No. Go to your bookshelf, or your parents’ bookshelf or a library bookshelf and look at the covers of some older paperback books in some genres. Some are amazing and well designed, but many are not. I looked up ‘James Bond book cover art' and discovered a variety of styles. Some paperback James Bond books had no images on the cover at all; they only had text stating the title and writer.

Book covers have always been designed but only in the last thirty years or so have some traditional book covers started to conform to genre styles. Think Chicklit or Mislit. Some genres like Science Fiction and Westerns have always had a genre style image on the cover.

During the pulp fiction era new genres were created and these genres became established as part of the fiction canon. A couple of examples are Science Fiction and Hard Boiled Detective stories. Today in the ebook era many new genres and sub-genres have been created and have become established such as Paranormal Romance and Military Science Fiction.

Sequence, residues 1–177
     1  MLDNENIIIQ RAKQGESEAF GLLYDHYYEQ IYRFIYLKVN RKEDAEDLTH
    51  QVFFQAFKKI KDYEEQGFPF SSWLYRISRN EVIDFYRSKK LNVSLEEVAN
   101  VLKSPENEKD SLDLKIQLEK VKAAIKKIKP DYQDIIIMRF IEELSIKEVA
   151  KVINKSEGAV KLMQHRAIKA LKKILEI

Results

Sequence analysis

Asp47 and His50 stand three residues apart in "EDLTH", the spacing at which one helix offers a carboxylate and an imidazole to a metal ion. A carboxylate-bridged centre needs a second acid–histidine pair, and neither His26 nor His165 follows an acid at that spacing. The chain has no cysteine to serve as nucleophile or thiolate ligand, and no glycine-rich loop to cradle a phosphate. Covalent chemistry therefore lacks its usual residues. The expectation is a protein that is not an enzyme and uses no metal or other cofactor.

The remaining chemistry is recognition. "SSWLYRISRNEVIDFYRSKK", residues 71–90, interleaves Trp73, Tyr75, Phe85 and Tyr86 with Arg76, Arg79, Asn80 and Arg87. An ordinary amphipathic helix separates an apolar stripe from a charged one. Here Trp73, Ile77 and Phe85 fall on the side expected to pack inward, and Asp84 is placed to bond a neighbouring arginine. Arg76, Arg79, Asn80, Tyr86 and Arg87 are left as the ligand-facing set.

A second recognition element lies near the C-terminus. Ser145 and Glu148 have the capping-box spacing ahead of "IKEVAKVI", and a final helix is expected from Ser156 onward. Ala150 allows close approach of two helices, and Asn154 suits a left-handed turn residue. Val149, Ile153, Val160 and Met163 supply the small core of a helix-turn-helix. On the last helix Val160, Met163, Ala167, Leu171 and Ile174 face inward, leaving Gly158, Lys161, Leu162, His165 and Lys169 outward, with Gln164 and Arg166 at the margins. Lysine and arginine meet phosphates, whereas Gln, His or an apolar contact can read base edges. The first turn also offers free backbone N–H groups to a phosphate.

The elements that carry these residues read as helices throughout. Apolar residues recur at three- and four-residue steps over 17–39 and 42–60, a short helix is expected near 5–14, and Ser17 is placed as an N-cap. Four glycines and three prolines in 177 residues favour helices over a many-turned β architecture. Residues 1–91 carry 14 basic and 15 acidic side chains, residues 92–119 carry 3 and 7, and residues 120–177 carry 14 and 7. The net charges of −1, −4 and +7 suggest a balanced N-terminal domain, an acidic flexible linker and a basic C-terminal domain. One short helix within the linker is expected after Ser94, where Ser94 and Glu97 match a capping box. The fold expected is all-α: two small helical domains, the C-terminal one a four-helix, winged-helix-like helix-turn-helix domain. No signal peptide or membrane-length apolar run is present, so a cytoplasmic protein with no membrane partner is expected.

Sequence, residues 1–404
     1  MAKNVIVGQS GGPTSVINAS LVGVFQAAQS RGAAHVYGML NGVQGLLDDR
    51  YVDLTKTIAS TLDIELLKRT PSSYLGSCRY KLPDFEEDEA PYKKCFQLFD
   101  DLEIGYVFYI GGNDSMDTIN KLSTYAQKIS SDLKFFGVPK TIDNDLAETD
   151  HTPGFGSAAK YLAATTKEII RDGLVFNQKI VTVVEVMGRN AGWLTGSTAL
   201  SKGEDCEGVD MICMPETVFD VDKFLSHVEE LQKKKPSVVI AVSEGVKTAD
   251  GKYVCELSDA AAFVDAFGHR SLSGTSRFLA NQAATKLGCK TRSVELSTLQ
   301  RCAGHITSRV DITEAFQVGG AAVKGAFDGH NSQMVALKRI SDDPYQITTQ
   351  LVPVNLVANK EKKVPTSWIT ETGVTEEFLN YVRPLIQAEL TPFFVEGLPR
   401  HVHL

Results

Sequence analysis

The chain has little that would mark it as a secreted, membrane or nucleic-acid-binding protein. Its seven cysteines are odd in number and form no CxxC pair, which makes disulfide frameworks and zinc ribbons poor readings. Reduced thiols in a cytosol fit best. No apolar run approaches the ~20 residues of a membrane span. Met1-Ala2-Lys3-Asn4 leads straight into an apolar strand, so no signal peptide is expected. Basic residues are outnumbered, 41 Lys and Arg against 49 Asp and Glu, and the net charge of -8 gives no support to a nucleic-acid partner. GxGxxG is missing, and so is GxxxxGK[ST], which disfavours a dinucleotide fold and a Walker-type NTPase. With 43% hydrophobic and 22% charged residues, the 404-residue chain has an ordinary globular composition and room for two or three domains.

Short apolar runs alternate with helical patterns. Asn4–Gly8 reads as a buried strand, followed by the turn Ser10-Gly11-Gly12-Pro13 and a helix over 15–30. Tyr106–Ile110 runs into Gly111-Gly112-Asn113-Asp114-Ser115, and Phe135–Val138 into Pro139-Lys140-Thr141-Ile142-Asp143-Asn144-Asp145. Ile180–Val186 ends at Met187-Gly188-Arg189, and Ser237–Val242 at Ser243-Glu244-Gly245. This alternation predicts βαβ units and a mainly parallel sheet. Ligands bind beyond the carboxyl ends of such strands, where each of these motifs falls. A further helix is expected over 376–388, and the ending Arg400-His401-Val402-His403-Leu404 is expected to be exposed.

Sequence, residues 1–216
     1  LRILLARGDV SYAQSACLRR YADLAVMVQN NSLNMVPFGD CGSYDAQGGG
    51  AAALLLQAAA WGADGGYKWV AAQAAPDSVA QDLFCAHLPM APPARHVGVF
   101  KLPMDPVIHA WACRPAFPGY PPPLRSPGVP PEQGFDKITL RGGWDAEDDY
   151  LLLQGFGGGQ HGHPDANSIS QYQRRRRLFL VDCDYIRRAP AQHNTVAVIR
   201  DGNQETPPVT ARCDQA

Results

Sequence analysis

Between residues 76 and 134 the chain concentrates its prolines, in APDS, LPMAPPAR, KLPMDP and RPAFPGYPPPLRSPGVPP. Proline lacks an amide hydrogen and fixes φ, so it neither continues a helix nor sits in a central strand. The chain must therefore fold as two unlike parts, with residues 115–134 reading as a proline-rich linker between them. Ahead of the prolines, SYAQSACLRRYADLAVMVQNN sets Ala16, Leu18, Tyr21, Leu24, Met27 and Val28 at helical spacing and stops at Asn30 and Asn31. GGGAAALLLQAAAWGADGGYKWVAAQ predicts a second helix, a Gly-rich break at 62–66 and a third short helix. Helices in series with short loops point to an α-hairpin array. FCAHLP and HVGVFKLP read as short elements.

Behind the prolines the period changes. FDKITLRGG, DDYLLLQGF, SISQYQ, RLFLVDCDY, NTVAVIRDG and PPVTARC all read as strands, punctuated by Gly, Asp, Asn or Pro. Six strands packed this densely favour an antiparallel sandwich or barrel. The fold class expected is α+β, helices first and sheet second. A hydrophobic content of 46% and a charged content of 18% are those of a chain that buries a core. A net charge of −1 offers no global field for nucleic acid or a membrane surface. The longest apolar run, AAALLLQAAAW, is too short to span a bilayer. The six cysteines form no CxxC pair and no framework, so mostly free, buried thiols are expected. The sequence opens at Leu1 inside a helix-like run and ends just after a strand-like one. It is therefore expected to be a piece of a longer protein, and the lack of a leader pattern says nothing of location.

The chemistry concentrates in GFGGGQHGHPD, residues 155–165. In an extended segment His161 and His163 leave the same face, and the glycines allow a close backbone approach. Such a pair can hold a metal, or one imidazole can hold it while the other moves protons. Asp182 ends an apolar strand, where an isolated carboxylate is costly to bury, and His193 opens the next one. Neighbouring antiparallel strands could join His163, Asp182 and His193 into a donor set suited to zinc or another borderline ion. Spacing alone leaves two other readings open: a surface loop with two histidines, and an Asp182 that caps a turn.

In Summary

So there are similarities between the pulp fiction era and the current ebook era. Some may have concerns that comparisons between the two eras could introduce the idea of ebooks being labelled as pulp fiction.

Let’s examine this briefly. Many great writers wrote stories for pulp fiction magazines to supplement their incomes and as part of learning their craft. These include:

  • Agatha Christie
  • Louis L’Amour
  • Edgar Rice Burroughs
  • Isaac Asimov
  • Arthur C Clarke
  • Joseph Conrad
  • Raymond Chandler
  • Philip K Dick
  • F Scott Fitzgerald
  • Dashiell Hammett
  • Robert A Heinlein
  • Frank Herbert
  • Rudyard Kipling – Nobel Prize for Literature
  • Elmore Leonard
  • Sinclair Lewis – Nobel Prize for Literature + offered but declined the Pulitzer Prize for Literature
  • H P Lovecraft
  • Upton Sinclair – Pulitzer Prize for Literature
  • Micky Spillane
  • Mark Twain
  • H G Wells
  • Tennessee Williams.

Personally I would not consider it an insult if my name was associated with those writers. What do you think?

Are We in a Pulp Fiction Reprisal? #indieauthor #selfpublishing #IARTG #ASMRG #writingcommunity Click To Tweet


Do you think we're having a pulp fiction renaissance? Or do you think this is a different era all together?

If you enjoyed this post, you might like these from the ALLi archive:

Author: Christopher Wills